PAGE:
Pocatello Temple groundbreaking set for Saturday; process has included several ‘firsts’ for LDS church
POCATELLO — Officials with The Church of Jesus Christ of Latter-day Saints say they’ve made several decisions believed to be “firsts” involving the Saturday morning groundbreaking ceremony for their forthcoming local temple.
The temple will be located off of Satterfield Drive and will be the church’s sixth temple in Idaho. Though it’s one of more than 200 temples that have been announced, are under construction or are operating throughout the world, its building process is proving to be rather unique.
For example, the local groundbreaking committee has invited eight individuals from other faiths to help turn the soil as part of the ceremony, said Larry Fisher, the church’s regional public affairs director.
“Members of the Portneuf Valley Interfaith Fellowship have developed cherished relationships between them, and everyone goes out of their way to support each other regardless of their faith,” Fisher said, adding that the committee felt it was important to include some of those individuals in the groundbreaking.
The church also recently invited those living in the Satterfield Drive neighborhood to a special open house, where they were able to meet with the architect and those spearheading the construction of the 67,000-square-foot building. In addition, the residents got a sneak peak of interior and exterior drawings of the temple.
“Even though the temple is built for members of the Church of Jesus Christ of Latter-day Saints to do temple service, we feel like this is a jewel for the community as a whole and will be a blessing for everyone who lives here,” Fisher said.
Church officials don’t typically invite community members to see renderings prior to the groundbreaking but said they did so to address the concerns of those living in the neighborhood, especially those who aren’t members of the church.
Another first came when the groundbreaking committee invited youth between the ages of 11 and 18 to help clear brush from the future site of the temple earlier this month. More than 3,000 people from the Pocatello Temple District, which stretches from American Falls east to Soda Springs and from Malad north to Blackfoot, participated in the event.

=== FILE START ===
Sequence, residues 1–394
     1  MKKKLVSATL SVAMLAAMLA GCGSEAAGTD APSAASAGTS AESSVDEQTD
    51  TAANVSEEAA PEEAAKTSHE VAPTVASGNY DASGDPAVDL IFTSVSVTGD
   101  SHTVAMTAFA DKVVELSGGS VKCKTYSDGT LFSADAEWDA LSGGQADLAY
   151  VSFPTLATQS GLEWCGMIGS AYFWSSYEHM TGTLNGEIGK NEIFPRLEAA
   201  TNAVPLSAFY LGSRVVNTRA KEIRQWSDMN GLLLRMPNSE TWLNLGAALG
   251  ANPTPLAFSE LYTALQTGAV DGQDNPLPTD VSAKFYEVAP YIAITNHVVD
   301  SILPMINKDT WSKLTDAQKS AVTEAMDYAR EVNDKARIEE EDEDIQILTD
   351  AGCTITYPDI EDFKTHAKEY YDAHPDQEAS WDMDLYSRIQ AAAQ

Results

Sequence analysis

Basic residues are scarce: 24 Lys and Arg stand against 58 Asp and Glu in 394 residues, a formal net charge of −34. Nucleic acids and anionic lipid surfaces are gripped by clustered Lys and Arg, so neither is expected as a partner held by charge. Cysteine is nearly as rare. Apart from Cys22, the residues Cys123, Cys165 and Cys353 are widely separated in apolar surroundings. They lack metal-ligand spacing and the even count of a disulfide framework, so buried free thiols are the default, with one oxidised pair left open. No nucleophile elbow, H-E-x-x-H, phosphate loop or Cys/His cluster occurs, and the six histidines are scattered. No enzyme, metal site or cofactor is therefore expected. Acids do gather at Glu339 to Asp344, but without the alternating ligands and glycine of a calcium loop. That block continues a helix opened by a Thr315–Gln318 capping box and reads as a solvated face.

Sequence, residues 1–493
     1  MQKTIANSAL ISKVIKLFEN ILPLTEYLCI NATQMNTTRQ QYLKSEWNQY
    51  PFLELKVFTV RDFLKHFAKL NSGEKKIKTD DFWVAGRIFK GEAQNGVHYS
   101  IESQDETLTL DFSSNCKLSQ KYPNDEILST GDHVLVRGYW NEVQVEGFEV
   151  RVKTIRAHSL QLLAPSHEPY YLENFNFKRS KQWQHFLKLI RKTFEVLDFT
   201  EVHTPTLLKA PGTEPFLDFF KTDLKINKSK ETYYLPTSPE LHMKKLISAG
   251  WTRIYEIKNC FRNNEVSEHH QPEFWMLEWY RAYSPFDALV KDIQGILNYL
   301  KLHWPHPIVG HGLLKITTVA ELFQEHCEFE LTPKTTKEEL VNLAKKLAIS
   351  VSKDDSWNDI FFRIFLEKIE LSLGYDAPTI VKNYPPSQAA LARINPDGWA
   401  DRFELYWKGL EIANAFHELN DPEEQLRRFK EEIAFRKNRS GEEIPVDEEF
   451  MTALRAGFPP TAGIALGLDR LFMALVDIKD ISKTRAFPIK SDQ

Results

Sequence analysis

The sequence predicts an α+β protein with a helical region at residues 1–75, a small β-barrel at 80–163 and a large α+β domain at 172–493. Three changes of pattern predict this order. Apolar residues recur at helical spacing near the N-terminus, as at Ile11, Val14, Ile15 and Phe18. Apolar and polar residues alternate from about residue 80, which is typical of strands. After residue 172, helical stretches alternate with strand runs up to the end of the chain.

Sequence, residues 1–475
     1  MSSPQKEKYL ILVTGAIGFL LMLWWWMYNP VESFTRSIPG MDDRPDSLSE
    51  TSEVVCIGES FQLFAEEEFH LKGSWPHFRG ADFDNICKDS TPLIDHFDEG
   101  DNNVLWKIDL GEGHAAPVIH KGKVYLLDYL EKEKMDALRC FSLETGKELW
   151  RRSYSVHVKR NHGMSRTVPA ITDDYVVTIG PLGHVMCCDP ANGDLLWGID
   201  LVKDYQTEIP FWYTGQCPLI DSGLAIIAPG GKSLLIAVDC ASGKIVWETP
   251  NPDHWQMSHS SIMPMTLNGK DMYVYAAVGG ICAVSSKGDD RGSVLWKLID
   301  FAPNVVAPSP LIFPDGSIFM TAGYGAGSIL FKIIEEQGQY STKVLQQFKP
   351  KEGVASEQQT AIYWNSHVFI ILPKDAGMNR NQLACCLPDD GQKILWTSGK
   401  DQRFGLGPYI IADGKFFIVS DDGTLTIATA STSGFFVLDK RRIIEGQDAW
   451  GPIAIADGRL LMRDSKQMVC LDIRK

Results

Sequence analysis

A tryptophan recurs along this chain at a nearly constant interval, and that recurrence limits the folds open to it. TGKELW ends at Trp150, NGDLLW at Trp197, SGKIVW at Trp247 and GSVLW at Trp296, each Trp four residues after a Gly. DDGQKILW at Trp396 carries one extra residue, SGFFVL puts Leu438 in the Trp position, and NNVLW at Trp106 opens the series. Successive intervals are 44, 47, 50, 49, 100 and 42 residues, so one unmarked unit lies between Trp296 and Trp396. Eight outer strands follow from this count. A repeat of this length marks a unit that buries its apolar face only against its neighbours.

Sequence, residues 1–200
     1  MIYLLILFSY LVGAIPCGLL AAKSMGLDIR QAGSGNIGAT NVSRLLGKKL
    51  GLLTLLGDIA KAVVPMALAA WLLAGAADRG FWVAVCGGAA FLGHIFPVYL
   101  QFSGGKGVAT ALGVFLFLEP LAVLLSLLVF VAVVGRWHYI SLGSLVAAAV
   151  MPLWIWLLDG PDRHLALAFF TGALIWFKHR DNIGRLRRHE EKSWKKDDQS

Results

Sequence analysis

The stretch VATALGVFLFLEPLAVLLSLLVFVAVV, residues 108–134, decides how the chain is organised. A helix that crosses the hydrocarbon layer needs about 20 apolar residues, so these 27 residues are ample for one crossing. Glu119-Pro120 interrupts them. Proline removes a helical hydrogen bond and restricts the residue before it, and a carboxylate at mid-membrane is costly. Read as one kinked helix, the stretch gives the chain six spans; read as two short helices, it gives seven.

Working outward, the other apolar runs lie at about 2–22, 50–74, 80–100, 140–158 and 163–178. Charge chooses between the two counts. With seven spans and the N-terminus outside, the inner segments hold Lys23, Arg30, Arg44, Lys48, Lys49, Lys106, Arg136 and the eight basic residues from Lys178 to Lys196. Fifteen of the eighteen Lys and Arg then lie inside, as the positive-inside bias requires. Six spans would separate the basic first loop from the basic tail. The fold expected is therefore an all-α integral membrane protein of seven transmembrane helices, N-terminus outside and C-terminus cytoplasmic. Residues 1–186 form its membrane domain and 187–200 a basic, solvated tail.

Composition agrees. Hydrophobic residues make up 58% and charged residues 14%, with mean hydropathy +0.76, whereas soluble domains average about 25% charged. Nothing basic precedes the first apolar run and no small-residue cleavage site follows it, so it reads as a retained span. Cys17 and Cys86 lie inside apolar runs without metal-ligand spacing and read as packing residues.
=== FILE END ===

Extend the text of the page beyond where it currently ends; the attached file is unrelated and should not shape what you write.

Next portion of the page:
“We wanted the youth to have an opportunity to be part of this historical experience,” Fisher said.
Wilford W. Andersen, the church’s Idaho/North American Central area president, and his counselors, S. Gifford Nielsen and Brian K. Taylor, are expected to attend Saturday’s groundbreaking. Idaho Gov. Brad Little and other state dignitaries are also planning to be there, Fisher said, as well as Pocatello Mayor Brian Blad and Chubbuck Mayor Kevin England.
While the groundbreaking is by invitation only, it will be broadcast live to church stakes from Malad to Blackfoot.
“The service starts at 11 a.m. and anyone is welcome to attend the broadcast,” Fisher said. “Sunday dress is encouraged.”
Fisher said it’s been wonderful and humbling to be involved in the upcoming groundbreaking.
“I knew that a lot of people would be excited about it, but I have been overwhelmed with how many people have stepped up and gone over and above to make this event the special experience that it should be,” Fisher said.
Troy Dye, the groundbreaking chairman, and others have done a wonderful job of putting everything together, Fisher said.
Construction on the temple will begin soon after the groundbreaking and will likely take two to three years to complete. In the meantime, Fisher said they appreciate the support and patience of the people living in the area.
“We realize that the youth project caused some traffic issues, and even though we will have a lot of people attending the groundbreaking this Saturday morning, we have gone to great lengths to help make the traffic flow as smooth as possible,” Fisher said.